BEST MODE FOR CARRYING OUT THE INVENTION

What is referred to as a human antibody-producing cell in the present invention is a human lymph cell (or B cell) which is a cell that secrets or is capable of secreting an antibody. Such a cell is found among the cells of the spleen, lymph node, peripheral blood, bone marrow, tonsil, and adenoids. The object of the present invention can be accomplished by use of cells taken from any of these sources; however, desirable ones are those taken from the tonsil or adenoid.

As the mouse myeloma cell, the use of 8-azaguanine-resistant cell line is favorably suited for the purpose and P3X63Ag8 cell line of BALB/C mouse, P3-NS1/1-Ag4-1 cell line, P3X63Ag 8Ul cell line, SP2/0Ag14 cell line, P3X63Ag 8.6.5.3 cell lines, MPC11-45.6 TG 1.7 cell line, and SP-1 cell line are among those publicly known ones.

In the present invention, the human antibody-producing cells are sensitized in the presence of mitogen in vitro prior to the process of fusion of the human antibody-producing cells with the mouse myeloma cells.

In the case of a human being, a normal man has lymphocytes which are capable of producing antibodies against viruses of various types; however, the number of such lymphocytes is so small that they can not be utilized in their original condition for obtaining the desired hybridomas. Also it is true that, when a man is immunized by inoculation with influenza vaccine, antibody-producing cells, which develop an antibody to act against influenza virus, increases in number in his body; however, the degree of increase is not always enough to give the desired hybridoma efficiently. On the contrary, according to the method provided by the present invention, in which human antibody-producing cells are sensitized in vitro, the differentiation and proliferation of cells are promoted by the sensitization, thus making it possible to increase the number of the desired antibody-producing cells to any desired degree. The intended hybridoma is then obtained efficiently by subjecting the thus sensitized antibody-producing cells to the cell fusion treatment.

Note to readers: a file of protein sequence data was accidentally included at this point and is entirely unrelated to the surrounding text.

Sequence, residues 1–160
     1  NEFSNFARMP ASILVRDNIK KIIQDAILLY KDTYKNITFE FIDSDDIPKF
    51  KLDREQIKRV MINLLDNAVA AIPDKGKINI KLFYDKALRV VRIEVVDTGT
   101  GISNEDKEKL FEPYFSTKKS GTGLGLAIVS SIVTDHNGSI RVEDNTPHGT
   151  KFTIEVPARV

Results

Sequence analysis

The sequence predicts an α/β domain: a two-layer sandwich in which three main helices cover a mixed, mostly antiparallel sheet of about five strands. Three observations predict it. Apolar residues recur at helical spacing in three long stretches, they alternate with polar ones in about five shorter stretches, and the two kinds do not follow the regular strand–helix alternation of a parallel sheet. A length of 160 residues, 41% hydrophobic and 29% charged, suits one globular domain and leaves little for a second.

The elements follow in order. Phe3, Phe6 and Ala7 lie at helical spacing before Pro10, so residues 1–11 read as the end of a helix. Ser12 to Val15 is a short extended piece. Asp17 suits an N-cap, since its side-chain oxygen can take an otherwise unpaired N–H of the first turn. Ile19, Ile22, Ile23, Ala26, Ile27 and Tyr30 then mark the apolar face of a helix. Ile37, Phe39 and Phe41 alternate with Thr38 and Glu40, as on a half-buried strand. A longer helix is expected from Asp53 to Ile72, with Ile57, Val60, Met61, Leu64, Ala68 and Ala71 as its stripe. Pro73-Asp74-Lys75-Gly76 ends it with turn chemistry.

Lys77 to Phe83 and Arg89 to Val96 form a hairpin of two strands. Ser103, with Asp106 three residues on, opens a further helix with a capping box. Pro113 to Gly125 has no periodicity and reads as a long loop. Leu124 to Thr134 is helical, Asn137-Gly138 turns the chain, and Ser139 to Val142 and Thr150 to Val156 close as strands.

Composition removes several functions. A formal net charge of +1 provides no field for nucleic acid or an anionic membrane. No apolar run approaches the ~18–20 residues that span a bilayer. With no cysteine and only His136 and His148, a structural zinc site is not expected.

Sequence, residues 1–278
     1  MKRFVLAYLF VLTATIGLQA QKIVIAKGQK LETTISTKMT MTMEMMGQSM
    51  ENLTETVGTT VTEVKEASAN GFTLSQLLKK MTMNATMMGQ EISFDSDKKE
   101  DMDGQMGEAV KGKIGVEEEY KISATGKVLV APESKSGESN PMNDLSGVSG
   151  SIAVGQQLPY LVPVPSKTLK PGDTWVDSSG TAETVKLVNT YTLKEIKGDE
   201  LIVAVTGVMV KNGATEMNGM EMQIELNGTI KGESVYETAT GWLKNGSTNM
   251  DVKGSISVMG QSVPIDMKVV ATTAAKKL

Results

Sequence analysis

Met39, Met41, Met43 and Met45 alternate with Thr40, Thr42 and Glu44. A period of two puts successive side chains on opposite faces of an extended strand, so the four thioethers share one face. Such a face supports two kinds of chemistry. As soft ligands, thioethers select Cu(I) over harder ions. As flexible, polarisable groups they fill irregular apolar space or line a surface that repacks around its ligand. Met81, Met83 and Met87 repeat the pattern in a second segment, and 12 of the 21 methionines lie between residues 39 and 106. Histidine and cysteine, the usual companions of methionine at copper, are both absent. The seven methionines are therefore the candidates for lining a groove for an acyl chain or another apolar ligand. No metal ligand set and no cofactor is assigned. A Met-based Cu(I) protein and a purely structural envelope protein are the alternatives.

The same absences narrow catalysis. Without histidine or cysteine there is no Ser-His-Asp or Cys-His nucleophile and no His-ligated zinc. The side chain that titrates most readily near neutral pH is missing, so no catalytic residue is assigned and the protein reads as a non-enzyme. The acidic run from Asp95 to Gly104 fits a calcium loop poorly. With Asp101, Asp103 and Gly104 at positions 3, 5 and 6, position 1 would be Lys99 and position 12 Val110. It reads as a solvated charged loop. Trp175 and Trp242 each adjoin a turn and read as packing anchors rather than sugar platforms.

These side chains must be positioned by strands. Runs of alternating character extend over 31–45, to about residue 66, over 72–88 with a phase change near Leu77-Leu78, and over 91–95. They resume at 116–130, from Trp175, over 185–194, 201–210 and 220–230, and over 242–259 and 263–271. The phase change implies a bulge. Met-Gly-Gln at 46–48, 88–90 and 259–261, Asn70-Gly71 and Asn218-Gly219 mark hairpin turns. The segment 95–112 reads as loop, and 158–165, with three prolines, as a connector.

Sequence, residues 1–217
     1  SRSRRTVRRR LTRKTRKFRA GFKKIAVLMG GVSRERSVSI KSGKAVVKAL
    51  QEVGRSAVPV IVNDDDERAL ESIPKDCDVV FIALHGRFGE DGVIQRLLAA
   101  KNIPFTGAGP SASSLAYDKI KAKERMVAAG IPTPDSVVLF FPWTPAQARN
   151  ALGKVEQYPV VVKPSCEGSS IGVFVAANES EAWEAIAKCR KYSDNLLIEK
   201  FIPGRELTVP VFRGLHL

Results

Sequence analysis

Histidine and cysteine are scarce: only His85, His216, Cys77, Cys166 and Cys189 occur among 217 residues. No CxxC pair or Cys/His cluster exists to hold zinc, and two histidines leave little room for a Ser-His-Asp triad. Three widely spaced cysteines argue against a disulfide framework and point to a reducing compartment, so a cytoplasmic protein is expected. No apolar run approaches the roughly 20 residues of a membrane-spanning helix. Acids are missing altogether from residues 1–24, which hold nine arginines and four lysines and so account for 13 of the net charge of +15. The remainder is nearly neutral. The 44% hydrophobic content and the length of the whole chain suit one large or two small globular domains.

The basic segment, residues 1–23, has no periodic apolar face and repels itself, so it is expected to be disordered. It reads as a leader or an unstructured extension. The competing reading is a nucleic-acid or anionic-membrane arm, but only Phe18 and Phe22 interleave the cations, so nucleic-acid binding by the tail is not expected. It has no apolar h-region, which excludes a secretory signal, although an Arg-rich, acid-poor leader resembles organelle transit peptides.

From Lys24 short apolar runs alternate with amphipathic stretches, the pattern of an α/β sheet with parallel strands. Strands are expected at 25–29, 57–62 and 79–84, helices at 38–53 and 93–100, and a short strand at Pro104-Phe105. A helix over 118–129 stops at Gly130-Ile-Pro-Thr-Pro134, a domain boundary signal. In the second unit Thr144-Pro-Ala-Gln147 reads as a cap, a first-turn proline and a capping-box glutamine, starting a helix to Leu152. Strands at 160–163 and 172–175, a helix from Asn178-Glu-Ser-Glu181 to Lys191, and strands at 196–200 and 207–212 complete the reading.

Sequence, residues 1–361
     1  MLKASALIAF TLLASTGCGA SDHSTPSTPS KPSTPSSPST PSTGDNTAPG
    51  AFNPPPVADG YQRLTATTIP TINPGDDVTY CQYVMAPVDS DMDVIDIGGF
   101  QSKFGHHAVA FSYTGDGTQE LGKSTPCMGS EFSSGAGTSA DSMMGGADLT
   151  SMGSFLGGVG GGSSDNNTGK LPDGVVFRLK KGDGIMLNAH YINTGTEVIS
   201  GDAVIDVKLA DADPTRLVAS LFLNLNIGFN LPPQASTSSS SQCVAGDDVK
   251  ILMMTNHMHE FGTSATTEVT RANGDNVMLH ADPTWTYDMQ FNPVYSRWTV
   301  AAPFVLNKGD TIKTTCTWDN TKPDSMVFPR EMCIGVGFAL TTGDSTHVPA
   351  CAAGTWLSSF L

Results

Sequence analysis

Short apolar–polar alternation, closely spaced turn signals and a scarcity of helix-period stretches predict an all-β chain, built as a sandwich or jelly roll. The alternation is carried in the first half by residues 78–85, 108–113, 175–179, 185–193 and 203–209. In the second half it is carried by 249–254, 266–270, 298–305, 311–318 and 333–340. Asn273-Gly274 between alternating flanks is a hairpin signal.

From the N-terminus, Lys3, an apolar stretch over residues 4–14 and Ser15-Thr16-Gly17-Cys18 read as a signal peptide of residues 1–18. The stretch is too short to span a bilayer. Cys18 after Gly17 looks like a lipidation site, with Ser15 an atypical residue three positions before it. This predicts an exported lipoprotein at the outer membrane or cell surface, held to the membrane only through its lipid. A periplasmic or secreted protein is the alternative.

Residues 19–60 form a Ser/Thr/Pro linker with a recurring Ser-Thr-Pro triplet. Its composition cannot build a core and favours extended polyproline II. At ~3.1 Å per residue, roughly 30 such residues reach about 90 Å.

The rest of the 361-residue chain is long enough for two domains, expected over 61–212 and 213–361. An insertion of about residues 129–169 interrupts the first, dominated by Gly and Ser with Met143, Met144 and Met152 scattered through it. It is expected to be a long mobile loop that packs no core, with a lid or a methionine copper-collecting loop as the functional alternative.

No limit is set as to the kind of viruses to be used in the present invention and such viruses as HSV, VZV, CMV, influenza virus, rabies fixed virus, Japanese encephalitis virus, myxovirus, hepatitis B virus, and rotavirus can be used: however, since the antibody-producing hybridoma obtained in the succeeding stage of cell fusion produces an antibody against the virus which is used in the sensitization, the virus to be used for sensitization must be selected in consideration of the usage of the resulting hybridoma. Protein or glycoprotein arising from virus can also be used in the place of virus for carrying out the sensitization.

Though any kind of mitogen can be used so far as it is capable of promoting the differentiation and proliferation of lymph corpuscles, pokeweed mitogen (PWM), protein A, phytohemagglutinin (PHA), and concanavalin A, for instance, may be suggested. Of them all, PWM is most desirable and is usually used in an amount of 1˜200 μg/ml, preferably 20˜100 μg/ml.

There is no limit placed upon the method and conditions for the sensitization but it is recommendable to have the concentration of the antigen (virus, or protein or glycoprotein arising from virus) kept at 1 ng/ml to 1 μg/ml, the concentration of the lymph corpuscle (antibody-producing cell) at 1×105 to 1×107 /ml, the culture temperature at 35 to 40° C., and the culture period at 4 to 10 days, preferably at 6 to 8 days. Any culture solution can be used so far as it contains human, bovine, or horse serum, and a culture solution (such as RPMI 1640, for instance) which contains fetal calf serum (FCS) is especially desirable.